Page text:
Sentences

Sentences

Threlkeld provided sentence examples in his various writings and publications as shown in the table below:

Threlkeld Sentences

There were some repetitions, such as the inclusion of the Spelling Book (1836) sentences among those used in the Key (1850). Threlkeld explained that he would at times associate with the local Aboriginal people specifically
with the intention of acquiring vocabulary, and as a consequence some of the sentence throw light on what life was like at the time:


The dog, it is in the canoe.
On account of Wife I was furious.
who has colored thee with red ochre?
Paint her red, to be pretty.
I am sharpening a spear.
On account of the corpse she is crying.
Spear the fish with the spear.
Why do not the women go with the men?
Speak distinctly.
The mosquito is stinging me; piercing.
The horse threw him, or, he was thrown by the Horse and killed.
He is thrashing wheat, or beating wheat.
Mind, lest you break the spade …
How does the snake

Many of the sentences are about going, coming, speaking, as well as beating and dying.
 

Karree List


The final set of sentences is the Karree list, found amongst the Threlkeld papers in the Mitchell
Library:


A 382: Reverend Lancelot Edward Threlkeld papers, 1822-1862


This collection contains letters from, and to, Threlkeld, printed items including his writings, and printed writings or fragments about him. They also include the following vocabularies:


pp. 125-127    Australian Vocabulary, Port Macquarie aborigines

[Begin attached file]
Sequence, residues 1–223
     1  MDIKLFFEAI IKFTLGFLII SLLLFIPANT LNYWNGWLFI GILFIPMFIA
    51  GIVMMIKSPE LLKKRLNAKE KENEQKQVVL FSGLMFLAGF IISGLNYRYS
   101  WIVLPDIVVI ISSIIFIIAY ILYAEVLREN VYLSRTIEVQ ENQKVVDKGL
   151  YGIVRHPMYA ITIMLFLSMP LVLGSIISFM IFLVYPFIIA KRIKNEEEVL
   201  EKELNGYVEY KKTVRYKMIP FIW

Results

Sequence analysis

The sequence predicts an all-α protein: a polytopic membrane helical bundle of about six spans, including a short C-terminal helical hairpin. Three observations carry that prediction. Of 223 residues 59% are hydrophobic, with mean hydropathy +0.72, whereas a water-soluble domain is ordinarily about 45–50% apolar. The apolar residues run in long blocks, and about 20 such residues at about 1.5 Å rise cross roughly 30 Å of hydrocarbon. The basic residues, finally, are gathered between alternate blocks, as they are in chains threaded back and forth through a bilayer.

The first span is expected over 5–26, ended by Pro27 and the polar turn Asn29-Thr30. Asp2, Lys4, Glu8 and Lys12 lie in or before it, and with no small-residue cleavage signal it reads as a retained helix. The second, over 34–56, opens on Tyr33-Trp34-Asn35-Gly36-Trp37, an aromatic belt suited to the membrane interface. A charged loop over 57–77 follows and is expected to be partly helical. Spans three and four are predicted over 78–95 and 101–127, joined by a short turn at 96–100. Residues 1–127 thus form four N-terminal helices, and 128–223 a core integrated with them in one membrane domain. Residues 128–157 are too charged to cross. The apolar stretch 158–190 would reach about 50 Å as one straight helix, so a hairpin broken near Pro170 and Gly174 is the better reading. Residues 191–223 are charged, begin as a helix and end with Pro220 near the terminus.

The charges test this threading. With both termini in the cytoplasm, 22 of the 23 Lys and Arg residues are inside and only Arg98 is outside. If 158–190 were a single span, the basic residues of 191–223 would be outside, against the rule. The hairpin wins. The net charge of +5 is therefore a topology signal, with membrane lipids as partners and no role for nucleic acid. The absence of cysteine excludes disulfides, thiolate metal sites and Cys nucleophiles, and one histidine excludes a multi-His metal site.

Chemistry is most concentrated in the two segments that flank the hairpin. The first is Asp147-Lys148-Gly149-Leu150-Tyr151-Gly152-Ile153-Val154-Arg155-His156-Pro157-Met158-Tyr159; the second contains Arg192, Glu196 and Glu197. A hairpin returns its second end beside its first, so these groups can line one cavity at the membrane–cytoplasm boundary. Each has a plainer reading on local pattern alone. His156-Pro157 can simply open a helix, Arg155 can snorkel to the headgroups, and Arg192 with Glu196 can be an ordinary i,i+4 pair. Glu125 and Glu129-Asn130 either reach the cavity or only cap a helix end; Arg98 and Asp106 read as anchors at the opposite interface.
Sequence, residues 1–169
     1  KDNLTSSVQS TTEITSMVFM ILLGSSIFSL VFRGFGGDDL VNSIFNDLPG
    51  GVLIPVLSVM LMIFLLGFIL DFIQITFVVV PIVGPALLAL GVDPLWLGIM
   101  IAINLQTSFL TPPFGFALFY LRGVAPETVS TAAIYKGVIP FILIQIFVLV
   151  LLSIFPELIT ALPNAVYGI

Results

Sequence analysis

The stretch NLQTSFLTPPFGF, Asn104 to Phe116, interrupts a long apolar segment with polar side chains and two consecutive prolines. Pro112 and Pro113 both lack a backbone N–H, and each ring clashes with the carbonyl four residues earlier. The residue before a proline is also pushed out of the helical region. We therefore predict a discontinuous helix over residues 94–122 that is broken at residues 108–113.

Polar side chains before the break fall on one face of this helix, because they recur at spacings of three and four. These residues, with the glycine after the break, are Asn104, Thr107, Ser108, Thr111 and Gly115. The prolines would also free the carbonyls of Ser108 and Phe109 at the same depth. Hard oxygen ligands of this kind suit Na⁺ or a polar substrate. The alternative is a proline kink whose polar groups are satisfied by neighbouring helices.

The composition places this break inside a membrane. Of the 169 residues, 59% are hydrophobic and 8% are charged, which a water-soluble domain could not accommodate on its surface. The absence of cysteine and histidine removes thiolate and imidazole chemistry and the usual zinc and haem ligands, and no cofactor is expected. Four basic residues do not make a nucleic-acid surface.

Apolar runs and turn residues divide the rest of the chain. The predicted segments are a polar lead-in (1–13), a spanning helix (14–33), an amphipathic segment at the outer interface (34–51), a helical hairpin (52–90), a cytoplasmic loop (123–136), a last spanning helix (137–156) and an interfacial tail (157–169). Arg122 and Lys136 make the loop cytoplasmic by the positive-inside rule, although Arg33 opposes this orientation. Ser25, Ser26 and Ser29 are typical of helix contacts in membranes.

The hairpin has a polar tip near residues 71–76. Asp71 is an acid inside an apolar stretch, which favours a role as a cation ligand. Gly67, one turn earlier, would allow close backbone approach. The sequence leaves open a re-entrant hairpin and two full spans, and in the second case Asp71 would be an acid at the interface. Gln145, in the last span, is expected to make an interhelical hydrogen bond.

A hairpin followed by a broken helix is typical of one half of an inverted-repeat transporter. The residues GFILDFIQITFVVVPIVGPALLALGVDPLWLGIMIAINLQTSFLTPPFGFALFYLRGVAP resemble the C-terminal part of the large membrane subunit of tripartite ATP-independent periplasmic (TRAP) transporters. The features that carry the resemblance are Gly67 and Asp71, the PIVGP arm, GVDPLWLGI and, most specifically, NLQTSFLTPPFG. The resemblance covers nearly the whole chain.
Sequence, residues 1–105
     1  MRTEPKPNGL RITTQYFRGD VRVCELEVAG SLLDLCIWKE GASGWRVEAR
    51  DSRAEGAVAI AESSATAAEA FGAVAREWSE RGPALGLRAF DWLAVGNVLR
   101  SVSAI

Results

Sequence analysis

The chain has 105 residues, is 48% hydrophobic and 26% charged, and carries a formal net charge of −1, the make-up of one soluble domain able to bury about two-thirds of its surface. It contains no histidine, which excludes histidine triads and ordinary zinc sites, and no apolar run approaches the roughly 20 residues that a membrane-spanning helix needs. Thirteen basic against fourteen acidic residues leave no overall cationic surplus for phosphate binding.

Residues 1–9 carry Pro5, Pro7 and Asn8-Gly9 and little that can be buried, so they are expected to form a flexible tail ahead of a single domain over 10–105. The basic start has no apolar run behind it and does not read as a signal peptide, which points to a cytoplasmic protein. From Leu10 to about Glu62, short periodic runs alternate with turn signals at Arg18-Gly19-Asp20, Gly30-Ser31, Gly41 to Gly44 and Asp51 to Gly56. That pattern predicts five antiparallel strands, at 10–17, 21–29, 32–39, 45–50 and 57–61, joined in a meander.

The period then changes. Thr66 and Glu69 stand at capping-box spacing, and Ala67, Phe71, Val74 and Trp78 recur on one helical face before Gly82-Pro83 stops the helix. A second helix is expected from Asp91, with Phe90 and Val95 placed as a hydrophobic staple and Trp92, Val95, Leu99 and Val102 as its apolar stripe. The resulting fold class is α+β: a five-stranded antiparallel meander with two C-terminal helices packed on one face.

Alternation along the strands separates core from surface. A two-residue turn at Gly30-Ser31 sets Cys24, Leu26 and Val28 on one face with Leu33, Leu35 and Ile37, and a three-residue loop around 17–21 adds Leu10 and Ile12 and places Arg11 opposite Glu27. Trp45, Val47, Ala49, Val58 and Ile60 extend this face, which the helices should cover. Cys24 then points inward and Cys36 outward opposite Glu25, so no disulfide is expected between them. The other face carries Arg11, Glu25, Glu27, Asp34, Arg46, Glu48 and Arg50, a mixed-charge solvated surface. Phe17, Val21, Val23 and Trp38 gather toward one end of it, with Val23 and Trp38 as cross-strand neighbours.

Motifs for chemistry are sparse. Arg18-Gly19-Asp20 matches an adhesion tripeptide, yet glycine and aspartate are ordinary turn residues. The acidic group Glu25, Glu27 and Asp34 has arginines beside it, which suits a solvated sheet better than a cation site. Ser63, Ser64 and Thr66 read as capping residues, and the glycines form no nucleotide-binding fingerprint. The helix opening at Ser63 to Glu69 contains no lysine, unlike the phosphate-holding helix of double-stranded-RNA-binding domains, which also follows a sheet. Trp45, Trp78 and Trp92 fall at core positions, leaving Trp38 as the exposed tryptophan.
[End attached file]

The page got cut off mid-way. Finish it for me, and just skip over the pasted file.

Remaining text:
p. 129    Songs of the natives of New South Wales to the north of Sydney
pp. 130-140    Specimens of the Language of the Aborigines of New South Wales to the
northward of Sydney
pp. 141-142    Native Language, Port Essington
pp. 143-144    Native Language, Port Raffles


The Karree list is the one in bold type, pages 130-140.

 

This set of vocabularies appears to be by the same hand, often featuring a distinctive rendering of
the capital ‘L’ — unlike Threlkeld’s writing.

Threlkeld Sentences

The handwriting suggests the author is not Threlkeld. Besides, there appears to be no record of Threlkeld having anything to do with Port Essington or Port Raffles, which are in the Northern Territory. Port Essington was an early settlement on the Coburg Peninsula in the far north of the Northern territory, and Raffles Bay—not Port Raffles—was nearby. Example

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The Port Essington and ‘Port Raffles’ vocabularies in the Threlkeld Papers might have been compiled by one of the figures named in the Wikipedia information. The only one of those who might have visited these two places as well as Port Macquarie (definitely) and Lake Macquarie (perhaps) could be Philip Parker King. However, the compiling the detailed Karree list by P.P. King is unlikely.


There are no other known likely contenders for the preparation, or transcription, of the Karree list, other than perhaps one of his children. There are, however, no records of any of them having written anything.


Jeremy Steele Friday 4 December 2020

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